I’ve forgotten exactly why the planned purchase didn’t work out, but I do remember I didn’t get the knife.  It may have been because it was Wednesday afternoon and the store was closed (they actually did that in small towns before the War), or maybe Mr. Hoyt told me I was too young for a knife and sent me packing.  I just don’t remember.  But I do remember that I knew I had done wrong, and after my mission failure I ran all the way back home.  To cover my tracks I immediately went in the kitchen and asked Mama if she had been calling me.  I told her if she had, I didn’t hear her because I had been under the house.  (With age I got a lot better than this at making up stories.)

I seem to remember she caught me in that obvious fib and gave me a whipping.  Mamas have a way of knowing when you’re not telling the truth, and mine honed her lie detection skills to a fine art by the time I graduated from boyhood.  Looking back, I think Mr. Hoyt probably told her what had happened the next time he saw her.

You had to hide anything you didn’t want known from all grownups back then, no matter who they were.  They’d all tell your Mama or Daddy if you did anything wrong.  This made it real hard to get away with much, but my older brother, Bobby, and I still gave it a good try.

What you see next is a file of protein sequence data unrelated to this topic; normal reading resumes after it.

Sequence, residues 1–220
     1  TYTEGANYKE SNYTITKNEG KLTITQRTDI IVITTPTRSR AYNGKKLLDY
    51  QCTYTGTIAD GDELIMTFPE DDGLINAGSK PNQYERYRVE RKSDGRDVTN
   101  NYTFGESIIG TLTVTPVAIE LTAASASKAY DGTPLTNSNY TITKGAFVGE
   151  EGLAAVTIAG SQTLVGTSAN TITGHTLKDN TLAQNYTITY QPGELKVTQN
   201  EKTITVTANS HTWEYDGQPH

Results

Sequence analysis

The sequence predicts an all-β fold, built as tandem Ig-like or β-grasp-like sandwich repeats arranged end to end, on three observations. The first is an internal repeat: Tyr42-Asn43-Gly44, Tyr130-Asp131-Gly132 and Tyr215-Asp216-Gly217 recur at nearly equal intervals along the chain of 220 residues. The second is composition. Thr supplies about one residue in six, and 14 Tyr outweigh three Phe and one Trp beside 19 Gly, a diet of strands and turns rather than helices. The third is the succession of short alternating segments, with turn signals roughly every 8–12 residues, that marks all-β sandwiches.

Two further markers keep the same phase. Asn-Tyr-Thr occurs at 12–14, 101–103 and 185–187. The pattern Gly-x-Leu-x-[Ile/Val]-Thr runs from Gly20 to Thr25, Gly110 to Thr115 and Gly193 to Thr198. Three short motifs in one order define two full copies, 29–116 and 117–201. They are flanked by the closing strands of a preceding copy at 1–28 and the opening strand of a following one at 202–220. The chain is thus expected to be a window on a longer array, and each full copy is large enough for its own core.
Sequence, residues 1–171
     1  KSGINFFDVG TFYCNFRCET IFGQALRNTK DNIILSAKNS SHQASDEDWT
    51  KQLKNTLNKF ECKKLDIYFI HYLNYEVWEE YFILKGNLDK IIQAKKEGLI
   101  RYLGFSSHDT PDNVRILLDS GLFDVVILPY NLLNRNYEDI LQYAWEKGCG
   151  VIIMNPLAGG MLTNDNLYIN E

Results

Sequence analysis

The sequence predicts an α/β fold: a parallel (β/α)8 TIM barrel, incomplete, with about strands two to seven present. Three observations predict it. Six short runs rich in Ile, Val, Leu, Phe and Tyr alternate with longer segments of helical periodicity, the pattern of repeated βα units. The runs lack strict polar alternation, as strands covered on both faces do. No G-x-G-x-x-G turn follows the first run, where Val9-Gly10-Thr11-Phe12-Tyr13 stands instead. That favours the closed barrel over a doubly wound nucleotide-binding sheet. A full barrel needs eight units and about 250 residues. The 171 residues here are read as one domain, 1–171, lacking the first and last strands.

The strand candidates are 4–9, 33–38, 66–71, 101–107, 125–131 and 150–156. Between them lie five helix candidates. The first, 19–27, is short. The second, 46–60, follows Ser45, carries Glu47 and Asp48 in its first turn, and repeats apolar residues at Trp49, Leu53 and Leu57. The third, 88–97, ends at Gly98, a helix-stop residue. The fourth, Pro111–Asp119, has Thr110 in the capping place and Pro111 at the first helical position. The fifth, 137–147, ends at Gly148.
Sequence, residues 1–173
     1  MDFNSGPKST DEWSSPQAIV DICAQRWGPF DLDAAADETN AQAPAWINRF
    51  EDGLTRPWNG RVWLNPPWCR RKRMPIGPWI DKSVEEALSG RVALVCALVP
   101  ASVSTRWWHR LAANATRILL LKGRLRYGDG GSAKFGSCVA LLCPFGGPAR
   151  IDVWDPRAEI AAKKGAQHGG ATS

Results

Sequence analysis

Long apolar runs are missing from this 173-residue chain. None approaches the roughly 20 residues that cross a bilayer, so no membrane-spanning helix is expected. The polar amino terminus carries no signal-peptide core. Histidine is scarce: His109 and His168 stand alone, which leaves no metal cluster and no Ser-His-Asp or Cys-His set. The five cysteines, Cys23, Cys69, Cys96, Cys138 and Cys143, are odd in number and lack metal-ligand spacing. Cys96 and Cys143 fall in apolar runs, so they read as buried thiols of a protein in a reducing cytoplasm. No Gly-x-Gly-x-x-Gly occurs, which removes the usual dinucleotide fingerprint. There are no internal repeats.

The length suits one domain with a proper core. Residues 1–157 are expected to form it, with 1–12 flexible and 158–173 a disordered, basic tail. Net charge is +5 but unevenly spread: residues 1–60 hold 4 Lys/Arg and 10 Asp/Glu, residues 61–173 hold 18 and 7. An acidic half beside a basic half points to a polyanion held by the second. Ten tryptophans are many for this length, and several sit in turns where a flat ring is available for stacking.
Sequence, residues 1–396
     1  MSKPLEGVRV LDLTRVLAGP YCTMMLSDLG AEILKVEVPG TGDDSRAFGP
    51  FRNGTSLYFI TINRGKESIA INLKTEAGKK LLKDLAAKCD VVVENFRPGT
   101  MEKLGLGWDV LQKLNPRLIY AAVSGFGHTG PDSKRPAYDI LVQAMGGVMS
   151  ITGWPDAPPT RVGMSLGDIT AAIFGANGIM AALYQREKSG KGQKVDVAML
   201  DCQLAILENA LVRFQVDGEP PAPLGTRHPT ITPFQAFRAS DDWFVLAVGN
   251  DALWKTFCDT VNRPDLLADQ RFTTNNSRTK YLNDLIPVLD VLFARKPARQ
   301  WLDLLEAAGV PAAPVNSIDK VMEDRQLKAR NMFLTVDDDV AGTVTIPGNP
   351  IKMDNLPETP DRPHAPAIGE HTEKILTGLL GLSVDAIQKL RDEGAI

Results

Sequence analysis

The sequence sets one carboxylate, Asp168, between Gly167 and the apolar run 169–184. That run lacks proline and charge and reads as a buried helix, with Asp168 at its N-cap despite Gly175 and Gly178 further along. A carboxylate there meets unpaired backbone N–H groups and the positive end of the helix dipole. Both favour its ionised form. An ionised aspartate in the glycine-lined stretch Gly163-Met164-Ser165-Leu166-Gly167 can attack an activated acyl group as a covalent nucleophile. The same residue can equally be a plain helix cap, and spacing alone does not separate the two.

It was several years later before I was finally old enough to have a pocketknife.  It was summer, and I was at Aunt Ola and Uncle Coney Alligood’s farm near Dexter, Georgia.  My cousin, Emory, and I both had our own knives by then.  We roamed the fields and woods barefooted and shirtless in overalls hunting rabbits, fence lizards, snakes, blue jays and other assorted prey with our slingshots.

Earlier, we had both found nice, forked branches and used our pocketknives to whittle two, almost perfectly shaped, flip staffs.  After rummaging through the barn, we finally found a piece of leather and some red rubber car inner tubes and finished making our slingshots.  You had to use the red tubes because they were real rubber and would stretch.  We learned the black tubes were “imitation rubber,” made after World War II started, and they wouldn’t stretch as well.